>>> from grass.pygrass.vector.geometry import Point
>>> point0 = Point(636981.336043, 256517.602235)
>>> point1 = Point(637209.083058, 257970.129540)

Write the two points to the map:

>>> new.write(point0, cat=1, attrs=('pub',))
>>> new.write(point1, cat=2, attrs=('resturant',))

Commit the DB changes (attributes):

>>> new.table.conn.commit()
>>> new.table.execute().fetchall()
[(1, u'pub'), (2, u'resturnat')]

Close the vector map:

>>> new.close()
>>> new.exist()

Now we can play with the map:

Point(636981.336043, 256517.602235)
Point(637209.083058, 257970.129540)
>>> new.close()
>>> new.remove()

Note the close() and remove() methods above. The close() method ensure that the files are properly released by the operating system, and will also build the topology (if called by the VectorTopo class). Take caution with the remove() method; it is used here because this example map was temporary. Calling this method will completely delete the map and its data from the file system.

More Features of the VectorTopo Class

See the class documentation for a full list of methods, but here are some examples using VectorTopo methods:

Get the number of primitives:

>>> municip.num_primitive_of('line')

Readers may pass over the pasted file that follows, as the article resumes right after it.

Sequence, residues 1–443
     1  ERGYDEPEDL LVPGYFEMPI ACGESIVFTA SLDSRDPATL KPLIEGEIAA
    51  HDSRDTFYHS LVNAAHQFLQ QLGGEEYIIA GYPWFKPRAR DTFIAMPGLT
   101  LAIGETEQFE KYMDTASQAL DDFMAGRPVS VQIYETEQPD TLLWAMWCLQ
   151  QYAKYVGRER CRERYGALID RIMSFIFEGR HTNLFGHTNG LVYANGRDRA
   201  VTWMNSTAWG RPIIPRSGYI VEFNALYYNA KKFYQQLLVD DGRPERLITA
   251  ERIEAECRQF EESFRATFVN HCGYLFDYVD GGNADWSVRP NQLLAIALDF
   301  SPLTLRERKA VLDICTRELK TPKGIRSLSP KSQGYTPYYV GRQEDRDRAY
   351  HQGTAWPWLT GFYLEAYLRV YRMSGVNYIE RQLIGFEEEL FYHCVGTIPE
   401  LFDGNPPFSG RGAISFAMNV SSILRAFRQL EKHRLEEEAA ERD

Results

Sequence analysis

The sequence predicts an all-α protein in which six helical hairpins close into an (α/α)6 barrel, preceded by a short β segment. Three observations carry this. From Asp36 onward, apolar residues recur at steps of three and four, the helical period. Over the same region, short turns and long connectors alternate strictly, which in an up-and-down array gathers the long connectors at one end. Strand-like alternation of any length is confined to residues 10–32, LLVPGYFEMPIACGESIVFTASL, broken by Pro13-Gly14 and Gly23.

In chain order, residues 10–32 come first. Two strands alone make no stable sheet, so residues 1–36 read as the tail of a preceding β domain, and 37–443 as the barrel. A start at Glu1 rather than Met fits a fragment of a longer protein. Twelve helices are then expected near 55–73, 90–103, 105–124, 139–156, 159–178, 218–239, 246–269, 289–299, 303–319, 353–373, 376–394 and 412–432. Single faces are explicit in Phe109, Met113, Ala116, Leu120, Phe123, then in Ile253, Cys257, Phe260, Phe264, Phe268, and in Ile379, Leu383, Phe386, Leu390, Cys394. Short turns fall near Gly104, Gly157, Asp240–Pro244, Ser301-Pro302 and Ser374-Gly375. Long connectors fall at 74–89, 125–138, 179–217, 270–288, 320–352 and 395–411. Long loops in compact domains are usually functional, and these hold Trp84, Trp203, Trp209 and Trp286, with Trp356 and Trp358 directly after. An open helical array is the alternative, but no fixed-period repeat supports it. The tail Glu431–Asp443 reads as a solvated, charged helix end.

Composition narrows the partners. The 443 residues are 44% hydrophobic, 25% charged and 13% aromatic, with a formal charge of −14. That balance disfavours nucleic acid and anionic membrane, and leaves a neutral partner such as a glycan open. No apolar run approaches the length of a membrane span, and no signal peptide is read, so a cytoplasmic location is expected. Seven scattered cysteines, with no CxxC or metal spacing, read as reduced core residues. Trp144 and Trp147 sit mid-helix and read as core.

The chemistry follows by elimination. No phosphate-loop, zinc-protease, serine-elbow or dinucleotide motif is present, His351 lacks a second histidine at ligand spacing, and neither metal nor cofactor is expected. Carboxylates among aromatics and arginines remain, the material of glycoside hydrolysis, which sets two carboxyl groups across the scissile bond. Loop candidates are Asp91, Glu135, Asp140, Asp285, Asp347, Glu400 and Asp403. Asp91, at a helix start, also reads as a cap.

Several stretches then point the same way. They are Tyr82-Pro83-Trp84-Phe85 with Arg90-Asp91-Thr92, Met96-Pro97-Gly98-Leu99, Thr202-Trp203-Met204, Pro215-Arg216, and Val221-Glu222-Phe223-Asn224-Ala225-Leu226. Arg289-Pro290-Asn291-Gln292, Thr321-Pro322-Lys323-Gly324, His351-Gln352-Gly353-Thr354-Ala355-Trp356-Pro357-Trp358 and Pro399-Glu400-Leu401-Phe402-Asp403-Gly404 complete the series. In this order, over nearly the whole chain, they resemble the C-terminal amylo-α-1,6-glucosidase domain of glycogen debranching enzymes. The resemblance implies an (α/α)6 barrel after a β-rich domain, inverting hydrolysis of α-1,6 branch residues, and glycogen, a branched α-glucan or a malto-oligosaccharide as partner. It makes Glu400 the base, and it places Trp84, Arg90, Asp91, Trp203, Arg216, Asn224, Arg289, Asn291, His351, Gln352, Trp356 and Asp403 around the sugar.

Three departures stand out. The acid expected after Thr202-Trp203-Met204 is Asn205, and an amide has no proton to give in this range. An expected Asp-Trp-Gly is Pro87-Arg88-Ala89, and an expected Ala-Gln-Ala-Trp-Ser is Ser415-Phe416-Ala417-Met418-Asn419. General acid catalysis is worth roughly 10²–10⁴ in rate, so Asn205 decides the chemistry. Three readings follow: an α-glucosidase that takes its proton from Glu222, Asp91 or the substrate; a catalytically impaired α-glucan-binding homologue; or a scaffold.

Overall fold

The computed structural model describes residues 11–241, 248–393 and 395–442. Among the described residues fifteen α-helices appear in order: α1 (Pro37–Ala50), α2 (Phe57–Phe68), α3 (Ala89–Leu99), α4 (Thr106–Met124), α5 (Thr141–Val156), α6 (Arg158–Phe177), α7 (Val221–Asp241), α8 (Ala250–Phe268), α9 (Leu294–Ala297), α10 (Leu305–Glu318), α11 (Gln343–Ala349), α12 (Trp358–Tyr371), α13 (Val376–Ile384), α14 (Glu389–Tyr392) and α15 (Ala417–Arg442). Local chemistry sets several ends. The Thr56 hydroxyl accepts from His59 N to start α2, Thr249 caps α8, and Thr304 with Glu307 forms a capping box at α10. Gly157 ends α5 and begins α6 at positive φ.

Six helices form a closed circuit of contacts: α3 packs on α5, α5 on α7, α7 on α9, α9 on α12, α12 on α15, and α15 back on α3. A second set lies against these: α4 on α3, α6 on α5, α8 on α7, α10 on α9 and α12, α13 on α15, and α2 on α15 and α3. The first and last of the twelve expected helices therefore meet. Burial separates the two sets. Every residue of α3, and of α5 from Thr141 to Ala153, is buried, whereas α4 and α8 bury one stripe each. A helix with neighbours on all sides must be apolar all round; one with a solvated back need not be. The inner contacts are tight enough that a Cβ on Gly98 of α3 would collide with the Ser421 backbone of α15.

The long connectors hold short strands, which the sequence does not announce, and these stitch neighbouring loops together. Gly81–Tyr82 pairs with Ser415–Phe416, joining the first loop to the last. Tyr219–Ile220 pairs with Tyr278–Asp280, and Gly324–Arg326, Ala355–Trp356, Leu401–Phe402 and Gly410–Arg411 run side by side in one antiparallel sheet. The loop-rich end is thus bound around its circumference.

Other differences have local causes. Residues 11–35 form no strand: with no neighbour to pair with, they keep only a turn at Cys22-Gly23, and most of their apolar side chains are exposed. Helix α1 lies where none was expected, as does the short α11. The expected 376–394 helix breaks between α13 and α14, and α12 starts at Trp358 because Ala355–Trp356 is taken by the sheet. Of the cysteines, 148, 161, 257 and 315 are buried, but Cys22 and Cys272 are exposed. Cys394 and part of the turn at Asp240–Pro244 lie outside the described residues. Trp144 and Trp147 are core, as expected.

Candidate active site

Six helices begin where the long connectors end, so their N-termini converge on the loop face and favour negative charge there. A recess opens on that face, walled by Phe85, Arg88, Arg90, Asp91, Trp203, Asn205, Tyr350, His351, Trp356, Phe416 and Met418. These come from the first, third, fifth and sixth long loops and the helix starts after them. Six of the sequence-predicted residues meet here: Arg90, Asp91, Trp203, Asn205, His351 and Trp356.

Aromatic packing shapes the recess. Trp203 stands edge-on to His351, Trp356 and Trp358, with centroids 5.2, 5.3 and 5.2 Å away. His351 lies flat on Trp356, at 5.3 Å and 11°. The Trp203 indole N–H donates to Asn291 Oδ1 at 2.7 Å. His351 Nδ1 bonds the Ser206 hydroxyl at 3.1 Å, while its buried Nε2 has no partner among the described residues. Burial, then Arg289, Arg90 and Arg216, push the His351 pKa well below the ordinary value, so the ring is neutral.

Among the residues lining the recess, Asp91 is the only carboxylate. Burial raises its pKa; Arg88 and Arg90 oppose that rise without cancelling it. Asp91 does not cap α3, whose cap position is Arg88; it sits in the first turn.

>>> municip.num_primitive_of('centroid')
>>> municip.num_primitive_of('boundary')

Get the number of different feature types in the vector map:

>>> municip.number_of("areas")
>>> municip.number_of("islands")
>>> municip.number_of("holes")
>>> municip.number_of("lines")
>>> municip.number_of("nodes")
>>> municip.number_of("pizza")  
Traceback (most recent call last):
ValueError: vtype not supported, use one of: 'areas', ..., 'volumes'

Note that the method with raise a ValueError if a non-supported vtype is specified.

Accessing Attribute Tables

The GRASS philosophy stipulates that vector map features are independent from their attributes, and that a vector map’s attribute table(s) should not be loaded unless explicitly specified, in case they are not needed.

Accessing a vector map’s table(s) requires finding any links to tables, then requesting the table from each of the returned links:

>>> from grass.pygrass.vector import VectorTopo
>>> municip = VectorTopo('census')
>>> dblinks = DBlinks(municip.c_mapinfo)
>>> dblinks
DBlinks([Link(1, census, sqlite)])
>>> link = DBlinks[0]
Link(1, census, sqlite)
>>> table = link.table()

Here, DBlinks is a class that contains all the links of a vector map. Each link is also a class (Link) that contains a specific link’s parameters. The table() method of the link class return the linked table as a table object (Table).

Geometry Classes

The vector package also includes a number of geometry classes, including Area, Boundary, Centroid, Isle, Line, and Point classes. Please consult the geometry module for a complete list of methods for these classes, as there are many. Some basic examples are given below.